Seven of the best Canadian Mysteries
Here in Canada, there’s no shortage of excellent settings for thrillers and mystery novels. Need your protagonist to get lost? We have millions of acres of dense forest and a swath of Rocky Mountains both desolate and vast. Need someplace stark and unforgiving? Head up to the Arctic, where your characters will find only frigid darkness in winter and relentless daylight in summer.
When I started writing my novel Still Mine, I picked the mountains as setting because they felt particularly foreign to me. In my writer’s mind, I imagined my protagonist, Clare O’Dey, driving up the mountain road, its twists and turns a harbinger of what awaited her in the fictional town of Blackmore. While I never situated Blackmore specifically in Canada, many great mystery writers have chosen Canadian locales as the backdrop for their stories.
Here’s a tasting of my favorites:
A writer friend recommended Penny’s series to me years ago as one of Canada’s best, and I’ve since devoured her novels. While Inspector Gamache tends to stick close to Three Pines, a fictional hamlet in rural Quebec, Penny’s readership has reached across the globe. The twelfth book in the series will be released this summer.
- The Devil You Know by Elisabeth de Mariaffi
Elisabeth de Mariaffi’s 2015 thriller unfolds in 1990s Toronto, a time when Paul Bernardo, a real-life rapist and serial killer, was terrorizing the city. As a born and bred Torontonian, the geography of fear Mariaffi lays out was uncomfortably familiar to me, but the unnerving story will grab readers even if they’ve never set foot in my home city.
- The Hazel Micallef Series by Inger Ash Wolfe
Set in the sleepy Ontario town of Port Dundas, this series uses the local landscape of woods and lakes to great advantage. The town’s cantankerous Inspector Hazel Micallef is ready to retire on page one, but then things go very awry and she must rouse the less-than-equipped local police force to take on the challenge. The first book in the series, The Calling, was recently released as a feature film starring Susan Sarandon.
Readers across the world might know these books from the millions sold and the long-running TV series it spawned, but the roots of Reichs’s stories are in the gritty corners of Montreal. Lead character Temperance Brennan investigates human remains at crime scenes, a vocation world-renowned forensic anthropologist Reichs knows from experience. Many novels later, the series has taken Brennan out of Montreal, across Canada, and around the world.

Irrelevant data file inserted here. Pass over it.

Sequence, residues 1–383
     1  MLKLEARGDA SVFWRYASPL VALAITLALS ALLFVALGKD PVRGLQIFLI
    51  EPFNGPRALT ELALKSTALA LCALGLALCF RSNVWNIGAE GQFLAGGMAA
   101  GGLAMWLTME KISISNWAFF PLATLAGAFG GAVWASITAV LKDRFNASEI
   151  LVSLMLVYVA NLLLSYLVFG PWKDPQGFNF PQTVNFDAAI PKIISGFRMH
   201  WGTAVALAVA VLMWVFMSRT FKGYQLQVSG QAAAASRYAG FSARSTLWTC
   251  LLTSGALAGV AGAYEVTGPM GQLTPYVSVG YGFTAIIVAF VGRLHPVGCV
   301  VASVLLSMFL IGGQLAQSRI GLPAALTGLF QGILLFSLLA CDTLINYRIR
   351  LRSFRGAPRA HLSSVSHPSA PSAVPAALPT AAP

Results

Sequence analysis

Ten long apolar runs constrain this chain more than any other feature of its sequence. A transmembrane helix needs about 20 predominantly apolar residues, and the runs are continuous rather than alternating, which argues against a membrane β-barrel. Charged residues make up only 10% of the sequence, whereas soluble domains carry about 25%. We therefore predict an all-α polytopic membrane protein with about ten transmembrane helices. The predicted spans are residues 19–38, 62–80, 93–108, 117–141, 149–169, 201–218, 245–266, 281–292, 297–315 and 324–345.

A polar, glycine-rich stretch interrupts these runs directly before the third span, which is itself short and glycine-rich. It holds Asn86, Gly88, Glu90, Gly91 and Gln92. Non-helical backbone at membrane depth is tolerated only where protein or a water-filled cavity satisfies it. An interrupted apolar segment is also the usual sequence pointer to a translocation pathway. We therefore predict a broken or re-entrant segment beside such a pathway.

- Station Eleven by Emily St. John Mandel
While not a traditional thriller, this international bestseller was one of the most thrilling reads of 2015. The book depicts the aftermath of a virus that takes hold at a theater performance in Toronto and swiftly wipes out 99.9% of the human race. The story is international, but the focus remains on a few survivors as they journey the shores of the Great Lakes. To imagine the city where I grew up at the epicenter of a world-collapsing event pulled all the right fear strings.
- The John Cardinal Series by Giles Blunt
Algonquin Bay is a fictionalized stand-in for Blunt’s hometown of North Bay; the first paragraph in the debut book depicts the short days and cold nights of northern Ontario’s winters. From there, the rural landscape becomes another character in the series. Blunt has built a lasting career walking a fine line between procedural mystery and psychological thriller, with the flawed but brilliant John Cardinal as his worthy protagonist and Lisa Delorme as his partner and conscience. Each book seems better than the last.
- The Bern Fortin Mysteries by Deryn Collier
Set in the Kootenay Mountains, this two-books-and-counting series follows an ex–Canadian Forces commander, Bern Fortin, after he leaves the military to work as coroner in a small British Columbia town. He’s hoping for a quieter life, but of course things don’t work out that way. Fortin is an excellent character, a crime solver haunted by memories of the wars he fought before the series began. Here’s hoping Collier writes many more.